CRAWL Kaya Scodelario and Barry Pepper get trapped in a crawlspace during a Florida hurricane. And you know what’s also native to Florida and crawls: alligators. Alexandre Aja directed.
THE FAREWELL Lulu Wang’s bittersweet, semi-autobiographical feature was a runaway success with critics at Sundance. Awkwafina, who delivers much of her performance in Mandarin, plays a young woman who travels with her family to say goodbye to her terminally ill grandmother (Zhao Shuzhen) — though they say they’re there to attend a wedding, because they can’t tell the grandmother she is dying.
STUBER Kumail Nanjiani plays an Uber driver whose latest fare is a Los Angeles cop (Dave Bautista) insistent that he be driven around while he pursues a killer. Why the cop doesn’t have his own car is, let’s hope, answered amid the wisecracks and explosions. Michael Dowse (“Goon”) directed.
SWORD OF TRUST After inheriting a sword with a dubious Civil War history from her grandfather, a woman (Jillian Bell) and her friend (Michaela Watkins) try selling it to a pawnshop owner (Marc Maron), who in turn tries his luck on the black market. Lynn Shelton (“Humpday”) directed.
THE LION KING It’s the ciiiircle of life! The 1994 animated feature lives again, reanimated in a more photorealistic style for the tastes of 2019. Jon Favreau directed, with Donald Glover providing the voice for Simba, Beyoncé Knowles-Carter for Nala and Chiwetel Ejiofor for Scar.
THE GREAT HACK Jehane Noujaim (“Control Room”) and Karim Amer directed this exposé of the secrets of online data collection. Substantially focused on Cambridge Analytica, it is guaranteed to make you want to move to the woods and never use the web again.
FOR SAMA Waad al-Kateab, who directed this documentary with Edward Watts, frames the film as a letter to her daughter, who was born in 2016 in a rebel-held section of Aleppo, Syria. The movie is one of the best documentaries made about the devastation there, jumping back and forth in time to show the war’s impact on al-Kateab’s family and her city, where her husband works as a doctor at what becomes the last hospital.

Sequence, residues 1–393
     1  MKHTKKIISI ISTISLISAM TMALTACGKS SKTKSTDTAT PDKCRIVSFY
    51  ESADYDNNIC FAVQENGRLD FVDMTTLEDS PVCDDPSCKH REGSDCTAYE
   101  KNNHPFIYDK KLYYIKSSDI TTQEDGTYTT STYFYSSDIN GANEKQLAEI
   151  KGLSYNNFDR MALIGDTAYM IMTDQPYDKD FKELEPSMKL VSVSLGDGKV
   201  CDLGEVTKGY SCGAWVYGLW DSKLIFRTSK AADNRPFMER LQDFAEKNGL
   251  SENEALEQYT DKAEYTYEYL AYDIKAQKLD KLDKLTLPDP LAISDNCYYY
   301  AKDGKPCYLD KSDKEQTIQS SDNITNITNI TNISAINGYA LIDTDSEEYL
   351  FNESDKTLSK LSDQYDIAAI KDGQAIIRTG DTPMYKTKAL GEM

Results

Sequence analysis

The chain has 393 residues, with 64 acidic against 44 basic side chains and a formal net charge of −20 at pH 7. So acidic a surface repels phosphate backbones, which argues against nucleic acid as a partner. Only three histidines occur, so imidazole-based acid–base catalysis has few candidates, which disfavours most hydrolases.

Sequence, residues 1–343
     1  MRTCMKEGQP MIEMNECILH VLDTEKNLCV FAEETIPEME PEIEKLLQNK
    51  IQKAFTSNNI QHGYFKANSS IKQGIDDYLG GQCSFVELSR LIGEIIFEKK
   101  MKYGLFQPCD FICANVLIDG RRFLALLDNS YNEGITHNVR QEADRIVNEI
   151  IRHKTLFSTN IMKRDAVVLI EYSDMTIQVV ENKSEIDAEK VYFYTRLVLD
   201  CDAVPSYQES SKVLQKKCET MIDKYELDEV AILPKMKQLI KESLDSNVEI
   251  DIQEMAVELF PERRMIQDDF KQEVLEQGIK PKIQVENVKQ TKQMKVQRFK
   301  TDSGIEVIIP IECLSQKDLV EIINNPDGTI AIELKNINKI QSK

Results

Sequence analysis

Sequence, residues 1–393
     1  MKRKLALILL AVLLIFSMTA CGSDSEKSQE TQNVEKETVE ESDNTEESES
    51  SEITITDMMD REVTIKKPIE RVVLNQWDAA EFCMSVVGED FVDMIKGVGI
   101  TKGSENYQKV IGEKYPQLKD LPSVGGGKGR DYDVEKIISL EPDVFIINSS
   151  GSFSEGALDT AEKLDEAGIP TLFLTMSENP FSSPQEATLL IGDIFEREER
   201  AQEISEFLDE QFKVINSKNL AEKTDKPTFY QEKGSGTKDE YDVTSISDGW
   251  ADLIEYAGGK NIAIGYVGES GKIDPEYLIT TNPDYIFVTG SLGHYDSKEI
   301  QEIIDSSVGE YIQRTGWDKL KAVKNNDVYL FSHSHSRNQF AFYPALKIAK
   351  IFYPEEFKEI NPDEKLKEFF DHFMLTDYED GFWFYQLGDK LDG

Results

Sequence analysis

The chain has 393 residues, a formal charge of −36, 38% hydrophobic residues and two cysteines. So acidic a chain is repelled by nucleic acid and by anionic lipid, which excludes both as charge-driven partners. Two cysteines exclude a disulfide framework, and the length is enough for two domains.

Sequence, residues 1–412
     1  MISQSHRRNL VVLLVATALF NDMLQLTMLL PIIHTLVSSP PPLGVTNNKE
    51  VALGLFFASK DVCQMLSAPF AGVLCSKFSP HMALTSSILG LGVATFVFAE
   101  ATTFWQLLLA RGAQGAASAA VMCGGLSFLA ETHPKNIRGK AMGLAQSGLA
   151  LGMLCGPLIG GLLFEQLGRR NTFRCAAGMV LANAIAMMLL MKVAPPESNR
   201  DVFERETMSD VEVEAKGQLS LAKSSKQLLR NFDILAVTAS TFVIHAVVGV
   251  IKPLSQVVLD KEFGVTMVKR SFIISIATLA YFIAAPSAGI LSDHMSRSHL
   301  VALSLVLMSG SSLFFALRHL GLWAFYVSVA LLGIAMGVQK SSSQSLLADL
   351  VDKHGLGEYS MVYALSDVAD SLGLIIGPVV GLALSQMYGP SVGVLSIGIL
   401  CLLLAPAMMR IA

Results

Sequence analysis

ONCE UPON A TIME … IN HOLLYWOOD The latest film from Quentin Tarantino is said to be a love letter to Hollywood circa 1969 as seen by an aging actor (Leonardo DiCaprio) and his stunt double (Brad Pitt). The large cast includes Margot Robbie as Sharon Tate.
SKIN Having just won a live-action-short Oscar for a similarly themed film of the same title, Guy Nattiv directs this movie about a white supremacist (Jamie Bell) who has a change of heart. Danielle Macdonald (“Patti Cake$”) and Vera Farmiga co-star.
FAST & FURIOUS PRESENTS: HOBBS & SHAW This offshoot of the “Fast and the Furious” franchise finds the rivals Hobbs (Dwayne Johnson) and Shaw (Jason Statham) putting their cue-ball heads together to thwart a genetically enhanced soldier (Idris Elba). Vanessa Kirby plays Shaw’s sister.
LA FLOR Lasting more than 13 hours, the Argentine director Mariano Llinás’s movie seems like a safe bet to be the longest film released this year; it is also one of the most strangely structured. The director explains at the outset that several of the film’s tales lack endings, and the final one has no beginning. Those who’ve taken the plunge at festivals say it’s worth it.
LUCE This pressure-cooked drama from the director Julius Onah — adapted from a play staged at Lincoln Center in 2013 — is theatrical in the best sense. A class project by the title character, (Kelvin Harrison Jr.), a model student adopted after a traumatic early childhood in Eritrea, raises the suspicions of a teacher (Octavia Spencer) and puts her in investigative mode. As the movie explores the consequences of what she learns, nothing is as clear-cut as it seems. Naomi Watts and Tim Roth play Luce’s parents.
THE NIGHTINGALE The Australian director Jennifer Kent follows her much-loved horror film “The Babadook” with this deeply upsetting outback western. Set in the 19th century, when Britain administered its penal-colony system in Australia, it stars Aisling Franciosi as an Irish convict who, having been violently wronged by the lieutenant (Sam Claflin) responsible for her release, seeks vengeance, aided by an aboriginal tracker (Baykali Ganambarr).
THE ART OF RACING IN THE RAIN Kevin Costner has never been great at accents (“Robin Hood: Prince of Thieves,” “Thirteen Days”), but it’s pretty hard to screw up being the voice of a dog, which he is in this adaptation of Garth Stein’s novel. Milo Ventimiglia plays the dog’s human companion.